Vigorous intensity activity demands more work from the heart, so a person’s ideal active heart rate will be higher. The CDC recommends an active heart rate of 77–93% of the maximum.

A person can calculate the ideal range during vigorous intensity exercise by repeating the same steps as above but swapping the decimal numbers for 0.77 and 0.93.

For example, a 20-year-old person would calculate:

  • 220 – 20 = 200
  • 200 x 0.77 = 154 bpm
  • 200 x 0.93 = 186 bpm

They should, therefore, aim for an active heart rate of 154–186 bpm.

A low active heart rate can mean that a person is not exercising intensely enough to benefit from the activity. For example, if a person is walking or jogging slowly, their heart rate may not be within the ideal range.

People with no underlying conditions who notice that they have a low active heart rate may want to increase the intensity of their workout to get it within the recommended range.

However, if someone is new to regular exercise or has a health condition that affects their ability to exercise, it may be better to aim for the lower end of the range initially.

The American Heart Association (AHA) recommends that these individuals aim for 50% and gradually work upward as they develop more strength and stamina.

A high active heart rate can mean that a person is exercising too vigorously. If a person finds that their heart rate is higher than the recommended range, they should slow down or take a break.

Although it is beneficial for workouts to be somewhat challenging, it is not healthy to push the heart too hard.

Other factors can influence a person’s active heart rate, potentially pushing the rate lower or higher than is ideal. They include:

  • Overall health: A person’s general health status and current fitness level have a significant influence on heart rate. If a person is not used to exercise, their heart may have to work harder during physical activity, causing their heart rate to be higher.
  • Medications: Some medications, such as beta-blockers, can lower the heart rate. However, other medications can raise it.
  • Temperature: Heat and humidity can raise the heart rate by about 5–10 bpm, according to the AHA.
  • Emotion: Stress, anxiety, anger, and even happiness can also raise the heart rate.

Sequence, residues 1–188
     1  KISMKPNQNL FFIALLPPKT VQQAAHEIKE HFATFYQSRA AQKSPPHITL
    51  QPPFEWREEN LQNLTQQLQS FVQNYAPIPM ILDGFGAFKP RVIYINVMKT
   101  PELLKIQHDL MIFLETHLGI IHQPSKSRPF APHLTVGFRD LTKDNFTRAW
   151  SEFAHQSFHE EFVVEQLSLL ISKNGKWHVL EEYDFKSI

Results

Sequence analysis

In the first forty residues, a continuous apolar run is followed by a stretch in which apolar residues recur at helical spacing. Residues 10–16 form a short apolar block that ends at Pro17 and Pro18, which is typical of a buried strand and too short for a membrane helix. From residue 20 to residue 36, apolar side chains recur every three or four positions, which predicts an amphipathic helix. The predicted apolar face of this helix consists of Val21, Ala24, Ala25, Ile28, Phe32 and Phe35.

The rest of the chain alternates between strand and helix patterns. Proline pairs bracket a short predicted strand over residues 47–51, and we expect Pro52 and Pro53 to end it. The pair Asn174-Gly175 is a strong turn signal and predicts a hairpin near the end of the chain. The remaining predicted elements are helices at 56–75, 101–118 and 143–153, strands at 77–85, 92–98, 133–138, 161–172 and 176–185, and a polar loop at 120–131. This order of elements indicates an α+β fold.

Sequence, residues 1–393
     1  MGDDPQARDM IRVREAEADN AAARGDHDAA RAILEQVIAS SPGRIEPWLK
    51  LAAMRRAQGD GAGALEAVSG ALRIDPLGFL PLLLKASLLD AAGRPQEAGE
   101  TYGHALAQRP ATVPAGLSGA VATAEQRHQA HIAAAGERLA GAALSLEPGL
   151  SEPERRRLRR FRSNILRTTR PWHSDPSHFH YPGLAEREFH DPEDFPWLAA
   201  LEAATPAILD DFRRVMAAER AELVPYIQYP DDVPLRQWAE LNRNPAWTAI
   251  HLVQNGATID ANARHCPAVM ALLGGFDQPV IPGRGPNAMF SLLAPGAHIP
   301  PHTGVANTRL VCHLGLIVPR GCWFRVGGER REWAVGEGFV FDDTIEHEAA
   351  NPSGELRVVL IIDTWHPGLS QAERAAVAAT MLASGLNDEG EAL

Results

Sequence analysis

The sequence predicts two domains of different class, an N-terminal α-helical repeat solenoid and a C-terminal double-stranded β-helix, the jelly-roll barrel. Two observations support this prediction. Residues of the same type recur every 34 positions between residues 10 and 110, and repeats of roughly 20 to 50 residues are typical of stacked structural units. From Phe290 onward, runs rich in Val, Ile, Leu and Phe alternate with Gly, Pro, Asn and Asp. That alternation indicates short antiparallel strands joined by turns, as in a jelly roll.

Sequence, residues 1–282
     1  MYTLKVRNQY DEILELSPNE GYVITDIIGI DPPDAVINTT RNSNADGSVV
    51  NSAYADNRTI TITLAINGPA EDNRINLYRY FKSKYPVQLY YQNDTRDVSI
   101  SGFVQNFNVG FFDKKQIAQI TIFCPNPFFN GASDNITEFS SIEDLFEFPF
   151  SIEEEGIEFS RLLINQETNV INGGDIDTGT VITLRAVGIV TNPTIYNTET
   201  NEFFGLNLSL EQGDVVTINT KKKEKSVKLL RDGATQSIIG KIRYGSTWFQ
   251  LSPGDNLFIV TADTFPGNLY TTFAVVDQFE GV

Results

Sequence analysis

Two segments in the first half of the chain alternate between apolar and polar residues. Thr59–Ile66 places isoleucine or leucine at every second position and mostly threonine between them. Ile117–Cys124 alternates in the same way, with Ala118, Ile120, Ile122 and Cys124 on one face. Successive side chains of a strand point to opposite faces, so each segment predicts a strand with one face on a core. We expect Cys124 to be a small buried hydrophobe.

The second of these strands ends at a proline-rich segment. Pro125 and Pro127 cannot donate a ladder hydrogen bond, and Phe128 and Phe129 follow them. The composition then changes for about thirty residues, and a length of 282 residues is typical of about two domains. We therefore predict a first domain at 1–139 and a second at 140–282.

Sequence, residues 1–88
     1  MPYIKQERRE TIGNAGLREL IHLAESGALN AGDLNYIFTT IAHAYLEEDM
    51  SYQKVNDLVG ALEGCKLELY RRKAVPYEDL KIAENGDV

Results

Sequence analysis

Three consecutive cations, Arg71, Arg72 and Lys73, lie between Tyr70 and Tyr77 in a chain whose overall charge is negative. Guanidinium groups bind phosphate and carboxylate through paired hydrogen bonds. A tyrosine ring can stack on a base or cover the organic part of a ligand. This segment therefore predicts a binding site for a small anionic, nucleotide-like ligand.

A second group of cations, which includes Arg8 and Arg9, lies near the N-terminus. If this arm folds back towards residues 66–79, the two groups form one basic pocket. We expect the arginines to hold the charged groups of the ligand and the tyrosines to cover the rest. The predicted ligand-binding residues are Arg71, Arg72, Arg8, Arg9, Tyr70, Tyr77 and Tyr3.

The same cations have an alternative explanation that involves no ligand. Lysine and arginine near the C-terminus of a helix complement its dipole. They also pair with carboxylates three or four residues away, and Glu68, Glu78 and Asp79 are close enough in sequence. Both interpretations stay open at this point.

A person’s body weight typically does not affect heart rate very much. People with obesity may have a slightly higher heart rate, though.

Getting the heart rate into a healthy range during exercise typically involves exercising in a way that is challenging but not strenuous. There are several ways people can keep track of this metric during exercise, including:

  • taking breaks to check the pulse
  • wearing a device on the wrist, such as a fitness tracker, that measures heart rate
  • using fitness equipment that measures the heart rate

People can also take note of how they feel during exercise. If a person’s bpm falls within a healthy range, and they feel that the current level of exercise is acceptable, they can continue as they were.

If the heart rate is too low or too high, people can try adjusting:

  • the speed of exercise
  • the number of repetitions
  • the type of movement, e.g., the stroke a person is using while swimming
  • the amount of resistance or elevation, if using an exercise machine

Anyone who notices that they have a very high or low heart rate, either at rest or during exercise, should speak with a doctor.

People should also contact a doctor if they experience other symptoms during or after exercise, such as:

  • dizziness
  • feeling faint
  • shortness of breath

It is essential to stop any form of exercise that feels uncomfortable or painful, even if the heart rate is within a healthy range.

Active heart rate is a measurement of a person’s heartbeat during physical activity. People can use it to determine whether they are exercising at the optimal intensity.

The healthy range will vary depending on the individual. If a person is concerned about their heart rate during or outside of exercise, they should speak with a doctor promptly.